The annual Boxing Day show is an arena for lyrical clashes between deejays. 2003 saw veteran Ninjaman squaring off with the up-and-coming Kartel at Jamworld Entertainment Centre in Portmore, St Catherine. Days later, both acts appeared at a press conference to denounce their actions.
Gully vs Gaza
By 2006, the feud between Kartel and rival deejay Mavado was at its peak. Their fans aligned themselves to Gully (representing Mavado’s Cassava Piece community) or Gaza (name given to Kartel’s Portmore community). This feud resulted in gangs and school groups which also declared loyalty to the feuding artistes.
In December 2009, both deejays were ushered into a meeting with ministers of government to resolve the tense situation. They agreed to a five-point plan in which the artistes would participate in a peace treaty and concert; a ‘paint-out’ day to remove Gaza/Gully graffiti from walls in communities and schools across the island; the creation of T-shirts bearing the images of both artistes, and record a song together.
Defecting from Gaza
Cracks began to appear in the Gaza Empire in late 2009 with the departure of female deejay Lisa Hype from the camp. This followed the release of explicit photos of her on the Internet. Fellow Empire members Gaza Kim and Blak Ryno also left.
Six years after Kartel was involved in a fracas with Ninjaman, he was back on the Sting stage. This time as a bonafide headliner and clashing with his nemesis Mavado.
Despite a truce, elements of the feud lingered. The jury is still out as to who won this clash, but promoters certainly benefited from heightened patronage.
Thanks to a rhythm sampled from Miss Independent by American R&B singer Ne-Yo, Kartel, along with female deejay Spice, captured the airwaves with Ramping Shop in 2009. A clever marketing ploy got the buzz going. Photos of a shirtless Kartel and a scantily-clad Spice were ‘leaked’ on the Internet. A sanitised version of the song was released and momentum reached fever-pitch.
The single entered the Billboard Top 100 Singles chart.
Wallabee, Desert Fox or Bank Robber. Leather or suede. Original or imitation, Jamaicans have always had a love affair with the British shoe company Clarks.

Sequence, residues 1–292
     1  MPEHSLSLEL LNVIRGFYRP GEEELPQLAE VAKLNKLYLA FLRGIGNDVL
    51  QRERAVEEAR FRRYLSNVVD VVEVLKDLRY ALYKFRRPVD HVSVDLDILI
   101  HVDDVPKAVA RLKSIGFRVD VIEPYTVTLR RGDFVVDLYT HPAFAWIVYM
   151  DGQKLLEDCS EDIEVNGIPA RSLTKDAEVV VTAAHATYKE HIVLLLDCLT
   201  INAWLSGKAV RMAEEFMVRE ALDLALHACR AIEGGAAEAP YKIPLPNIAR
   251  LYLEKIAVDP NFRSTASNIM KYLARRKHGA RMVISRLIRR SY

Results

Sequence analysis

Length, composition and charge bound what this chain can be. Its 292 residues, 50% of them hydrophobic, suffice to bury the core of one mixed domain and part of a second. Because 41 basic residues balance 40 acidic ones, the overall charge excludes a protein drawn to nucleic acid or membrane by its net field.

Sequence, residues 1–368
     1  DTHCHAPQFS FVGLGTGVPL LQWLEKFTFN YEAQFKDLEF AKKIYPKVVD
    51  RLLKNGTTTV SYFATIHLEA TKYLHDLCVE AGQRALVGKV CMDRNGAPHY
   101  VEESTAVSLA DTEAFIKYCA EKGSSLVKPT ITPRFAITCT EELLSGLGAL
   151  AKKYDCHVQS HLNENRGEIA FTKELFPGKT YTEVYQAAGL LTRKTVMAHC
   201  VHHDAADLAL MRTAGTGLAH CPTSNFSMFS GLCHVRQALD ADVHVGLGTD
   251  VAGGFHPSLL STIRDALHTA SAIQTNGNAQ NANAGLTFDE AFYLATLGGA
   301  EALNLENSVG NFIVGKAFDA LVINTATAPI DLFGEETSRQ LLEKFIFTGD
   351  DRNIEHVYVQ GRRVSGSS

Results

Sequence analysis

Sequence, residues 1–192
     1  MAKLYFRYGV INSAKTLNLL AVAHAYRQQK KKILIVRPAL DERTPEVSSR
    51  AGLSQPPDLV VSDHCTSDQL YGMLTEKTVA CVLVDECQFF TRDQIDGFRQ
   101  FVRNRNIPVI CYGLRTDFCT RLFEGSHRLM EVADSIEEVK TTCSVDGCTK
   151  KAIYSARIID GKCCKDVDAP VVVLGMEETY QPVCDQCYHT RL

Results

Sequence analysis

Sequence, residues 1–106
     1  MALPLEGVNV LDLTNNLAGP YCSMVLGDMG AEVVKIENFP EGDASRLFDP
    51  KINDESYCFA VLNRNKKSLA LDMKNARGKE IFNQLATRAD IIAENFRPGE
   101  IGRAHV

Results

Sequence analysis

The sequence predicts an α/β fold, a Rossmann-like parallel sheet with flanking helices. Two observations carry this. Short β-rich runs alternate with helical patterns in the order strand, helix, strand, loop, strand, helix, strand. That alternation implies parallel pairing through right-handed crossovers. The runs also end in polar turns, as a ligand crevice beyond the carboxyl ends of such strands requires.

Kartel was able to tap into that bond with the 2010 release of the catchy Clarks. The track also introduced his protégé, Popcaan.
Clarks was popular in the United Kingdom and North America.
It became clear that Kartel was bleaching his skin by 2010. He would pass it off in his hit track Cake Soap, in which he attributes his lighter skin to washing his face with the laundry detergent bar. This ignited a firestorm of comments.
The promoters of Reggae Sumfest had anxious moments in July 2010. It was uncertain if Kartel, their headline act for Dancehall Night, would make the show.
Kartel and five other men were named as persons of interest in relation to criminal gangs operating out of Portmore, St Catherine. The deejay was released just in time for Sumfest and appeared on stage, handcuffed and wearing a orange jumpsuit.
On March 10 2011, there was pandemonium at the University of the West Indies Mona campus. At the centre of the frenzy was Vybz Kartel who had been invited to speak on the topic: Pretty as a Colouring Book: My Life and My Art.
His presence at the high seat of learning raised eyebrows. Many felt the university lowered its standards by inviting the deejay to speak to students as part of a reggae poetry class by professor Carolyn Cooper.
Local TV station CVM made a bold move along with telecommunications company LIME and backed Kartel’s very own reality show, Teacha’s Pet. It saw 20 women vying for the artiste’s affection. The show came to a halt in September 2011 with his arrest on murder charges.
In July 2012, while incarcerated, Kartel released his book, The Voice of the Jamaican Ghetto. Written with the assistance of Michael Dawson, the image on its cover bore a stiking resemblance to an iconic photo of Nation of Islam leader, Malcolm X.